The proposal to redo the high school athletic fields has again been put on hold. MV@Play, a group of parents who proposed raising money to update and expand the athletic fields with a combination of grass and synthetic turf, decided to postpone its application with the Martha’s Vineyard Commission to give Vineyarders for Grass Fields, a local group promoting grass playing fields, an opportunity to vet its concept and work with the school committee and administration to determine its viability, according to a statement sent to The Times from David Wallis, president of MV@Play.
The meeting before the commission had been scheduled for May 11.
A year ago, MV@Play, organized by Mr. Wallis, Terry Donahue, and Robert “Spike” Smith, unveiled a privately funded $12 million project to create a centralized facility for use by the high school, youth programs, summer camps, and adult leagues. The group has been working with two representatives from Gale Associates, an engineering and consulting firm that specializes in athletic-facility planning and design.
The turf battle has been a contentious one. The Martha’s Vineyard High School committee has held two public meetings on the plan, each of which drew 250 to 300 residents. To date, the MVC has received more than 90 public comments on the plan, including one threatening a lawsuit if artificial turf is installed.
Since the project was first proposed, community members have expressed concerns with the synthetic turf material, and any corresponding health risks. Others had concerns about the feasibility of funding any necessary maintenance, upkeep, and replacement of the synthetic turf in the long term, and any potential impacts on the watershed.
The current proposal calls for a mix of synthetic turf and grass fields, with one synthetic turf field inside a new 400-meter track. This field would carry the majority of the high school sports load — field hockey, lacrosse, soccer, and football — to allow grass fields to recover or grow in.
“We came together for one purpose — to restore the track and deliver a useable field inside the track to the high school and its student athletes,” Mr. Wallis said in his statement. “We were never “turf” people, but came to an organic turf solution, in concert with the school committee, athletic department, and the superintendent’s office after consulting with experts, including experts in building and maintaining grass fields.”
Vineyarders for Grass Fields proposal, Mr. Wallis said, while currently short of necessary specifics, could be “a once-in-a-lifetime opportunity” for Vineyard children and the community. Given the cost of the proposal, it deserves the time to be fully vetted, he said.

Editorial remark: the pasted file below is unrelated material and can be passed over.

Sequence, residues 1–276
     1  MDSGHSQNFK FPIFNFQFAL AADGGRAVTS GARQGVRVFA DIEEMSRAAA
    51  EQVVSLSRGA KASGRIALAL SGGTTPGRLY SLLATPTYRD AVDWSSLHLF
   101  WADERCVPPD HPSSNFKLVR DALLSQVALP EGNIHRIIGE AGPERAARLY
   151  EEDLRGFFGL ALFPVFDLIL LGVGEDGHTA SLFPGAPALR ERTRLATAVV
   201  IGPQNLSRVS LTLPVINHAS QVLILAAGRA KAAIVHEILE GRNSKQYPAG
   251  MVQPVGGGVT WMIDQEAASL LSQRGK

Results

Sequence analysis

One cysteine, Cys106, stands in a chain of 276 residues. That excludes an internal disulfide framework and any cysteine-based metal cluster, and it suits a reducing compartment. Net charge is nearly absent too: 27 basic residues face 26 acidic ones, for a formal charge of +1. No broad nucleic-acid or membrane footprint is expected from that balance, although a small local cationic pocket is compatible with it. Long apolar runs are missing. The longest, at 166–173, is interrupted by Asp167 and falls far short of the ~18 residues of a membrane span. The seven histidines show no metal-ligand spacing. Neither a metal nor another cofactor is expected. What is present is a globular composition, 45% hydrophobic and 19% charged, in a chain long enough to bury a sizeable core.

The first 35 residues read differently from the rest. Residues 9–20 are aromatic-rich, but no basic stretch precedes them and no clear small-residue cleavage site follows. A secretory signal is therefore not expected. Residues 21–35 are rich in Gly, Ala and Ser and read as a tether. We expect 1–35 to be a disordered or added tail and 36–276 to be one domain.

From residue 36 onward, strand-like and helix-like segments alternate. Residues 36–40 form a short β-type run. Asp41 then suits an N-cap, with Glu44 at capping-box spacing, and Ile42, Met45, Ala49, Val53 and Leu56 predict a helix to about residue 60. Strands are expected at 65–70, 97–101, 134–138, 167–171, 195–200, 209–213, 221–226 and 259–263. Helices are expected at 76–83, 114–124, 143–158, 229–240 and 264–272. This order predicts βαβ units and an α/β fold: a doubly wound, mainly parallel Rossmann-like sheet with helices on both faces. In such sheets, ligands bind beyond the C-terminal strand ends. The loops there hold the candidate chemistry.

Matt D’Andrea, superintendent of schools, and Richie Smith, assistant superintendent of schools, support MV@Play’s decision to postpone their application. In a statement sent to The Times, they said that the group continues to act for the betterment of the schools and the Island community, and their postponement with the MVC reflects that support.
“They have been transparent about being open to suggestions to improve their proposal for the benefit of the Island’s youth,” Mr. D’Andrea and Mr. Smith said.
In February, the MVC reviewed the first phase of the proposed three-phase plan — replacing the playing surface of the track and field infield with artificial turf composed of 90 percent coconut and 10 percent cork, along with installing lights, 500 bleacher seats, and a four-foot chainlink fence around the venue.
Phases two and three, in the development stages, would refurbish other MVRHS playing fields, including the football field, with a new field of either artificial turf or natural grass.
In addition to postponing the MVC application, MV@Play will provide Vineyarders for Grass Fields the engineering specifications for the fields, representing “more than $100,000 in savings towards pursuing their goal,” Mr. Wallis said.
MV@Play said they will step aside to allow the Vineyarders for Grass Fields proposal to take shape and for the public review period to begin. They continue to believe, however, that the conditions of the athletic fields are “unacceptable,” where track and field athletes, along with their families and supporters, have to travel off-Island for every meet.
“The urgency here is real: a new track must be in place for the spring 2018 season,” Mr. Wallis said.
Updated May 3 at 2:15 pm to reflect a statement from the superintendent of Martha’s Vineyard Public Schools.